2016 will not be remembered among the years that celebrate the best of human nature. Despite remarkable successes in celebrating our own painful past, we have heard of much tragedy and brutality.
And for his message on the Fiftieth World Day of Peace, Pope Francis may seem to be a voice crying in the wilderness when he writes that violence is not the cure for our broken world. He describes Christian non-violence as "an attitude of one who is so convinced of God's love and power that he or she is not afraid to tackle evil with the weapons of truth and love alone."
God-made-flesh is not just a nice story about the past. It speaks of a God who still believes in us – even when events might suggest that we are incapable of creating a peaceful world, worthy of human dignity.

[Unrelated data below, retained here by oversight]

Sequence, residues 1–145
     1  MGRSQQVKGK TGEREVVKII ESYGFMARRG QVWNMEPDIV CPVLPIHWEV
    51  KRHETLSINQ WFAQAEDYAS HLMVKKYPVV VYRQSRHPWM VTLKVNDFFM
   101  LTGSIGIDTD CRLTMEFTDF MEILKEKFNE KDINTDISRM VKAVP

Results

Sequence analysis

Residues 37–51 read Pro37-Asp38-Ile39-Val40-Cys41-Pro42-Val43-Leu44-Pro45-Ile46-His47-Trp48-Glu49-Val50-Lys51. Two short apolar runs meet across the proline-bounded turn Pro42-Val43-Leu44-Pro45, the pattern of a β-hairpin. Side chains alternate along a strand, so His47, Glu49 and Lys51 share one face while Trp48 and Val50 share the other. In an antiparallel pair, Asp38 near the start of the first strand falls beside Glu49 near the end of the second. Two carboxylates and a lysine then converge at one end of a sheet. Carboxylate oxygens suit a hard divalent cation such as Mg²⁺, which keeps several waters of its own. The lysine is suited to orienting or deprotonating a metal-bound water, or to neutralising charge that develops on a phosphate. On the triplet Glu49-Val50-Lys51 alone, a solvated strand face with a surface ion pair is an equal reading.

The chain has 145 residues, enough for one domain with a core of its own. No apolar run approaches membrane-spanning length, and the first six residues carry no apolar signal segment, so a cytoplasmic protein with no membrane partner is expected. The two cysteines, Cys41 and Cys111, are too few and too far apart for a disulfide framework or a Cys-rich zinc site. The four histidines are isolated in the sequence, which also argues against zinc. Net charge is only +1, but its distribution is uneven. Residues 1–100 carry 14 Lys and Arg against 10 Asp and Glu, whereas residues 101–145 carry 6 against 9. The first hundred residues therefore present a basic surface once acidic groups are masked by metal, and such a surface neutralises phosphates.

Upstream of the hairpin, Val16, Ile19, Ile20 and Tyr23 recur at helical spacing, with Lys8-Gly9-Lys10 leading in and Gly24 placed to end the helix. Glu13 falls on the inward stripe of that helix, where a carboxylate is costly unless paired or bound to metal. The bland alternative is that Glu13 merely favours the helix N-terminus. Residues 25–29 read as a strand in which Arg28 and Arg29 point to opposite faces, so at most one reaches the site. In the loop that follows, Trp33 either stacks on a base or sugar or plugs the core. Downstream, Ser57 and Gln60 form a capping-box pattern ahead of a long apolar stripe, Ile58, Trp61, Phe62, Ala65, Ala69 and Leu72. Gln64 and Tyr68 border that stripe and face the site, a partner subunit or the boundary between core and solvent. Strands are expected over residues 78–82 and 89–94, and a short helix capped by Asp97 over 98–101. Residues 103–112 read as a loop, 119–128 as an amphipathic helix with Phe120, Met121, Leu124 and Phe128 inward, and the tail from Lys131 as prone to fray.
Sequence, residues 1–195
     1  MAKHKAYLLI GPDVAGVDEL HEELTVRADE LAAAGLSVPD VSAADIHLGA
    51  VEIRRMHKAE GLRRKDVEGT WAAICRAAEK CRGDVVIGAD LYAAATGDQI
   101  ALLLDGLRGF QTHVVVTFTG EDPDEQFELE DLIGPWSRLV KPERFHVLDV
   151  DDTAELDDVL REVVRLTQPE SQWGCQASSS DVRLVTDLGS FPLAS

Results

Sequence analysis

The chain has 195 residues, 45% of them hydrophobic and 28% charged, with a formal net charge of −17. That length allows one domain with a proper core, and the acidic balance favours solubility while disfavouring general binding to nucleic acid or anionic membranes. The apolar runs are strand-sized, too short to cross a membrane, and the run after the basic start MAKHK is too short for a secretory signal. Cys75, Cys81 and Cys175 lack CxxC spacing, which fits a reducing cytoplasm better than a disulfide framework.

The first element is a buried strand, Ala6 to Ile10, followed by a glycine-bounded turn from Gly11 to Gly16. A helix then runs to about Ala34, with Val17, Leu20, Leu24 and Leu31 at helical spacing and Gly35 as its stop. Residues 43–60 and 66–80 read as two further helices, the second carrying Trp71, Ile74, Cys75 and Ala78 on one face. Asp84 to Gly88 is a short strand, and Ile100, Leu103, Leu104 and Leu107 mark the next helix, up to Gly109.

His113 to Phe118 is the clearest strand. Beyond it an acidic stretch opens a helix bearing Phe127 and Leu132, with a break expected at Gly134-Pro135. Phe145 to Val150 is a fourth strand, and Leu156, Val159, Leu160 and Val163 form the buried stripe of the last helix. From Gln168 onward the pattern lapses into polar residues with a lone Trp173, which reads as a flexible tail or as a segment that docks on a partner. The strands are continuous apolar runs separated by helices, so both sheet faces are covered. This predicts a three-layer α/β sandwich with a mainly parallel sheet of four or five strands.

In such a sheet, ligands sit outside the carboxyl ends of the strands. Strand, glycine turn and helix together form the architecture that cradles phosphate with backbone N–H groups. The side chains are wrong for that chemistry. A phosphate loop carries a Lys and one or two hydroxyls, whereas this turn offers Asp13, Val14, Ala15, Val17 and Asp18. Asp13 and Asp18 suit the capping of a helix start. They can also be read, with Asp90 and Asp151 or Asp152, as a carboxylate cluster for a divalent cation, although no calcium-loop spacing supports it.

As we move on from the Year of Mercy and prepare for the World Meeting of Families in Dublin in August 2018, I pray that people of faith may work, not to defend privilege or avenge persecution, but to pour the balm of mercy on the world's self-inflicted wounds. And I hope that we can use the emphasis on the family, not to stigmatise anybody but to celebrate that wonderful human capacity for faithfulness over self-indulgence, for forgiveness over revenge and for grace over sin.
We do that because we celebrate, not so much our New Year resolutions, as our faith in a God who still has a dream for us, a God who remains hopelessly hopeful for what we can become with his grace. I wish everyone in our diocese a blessed and energising 2017.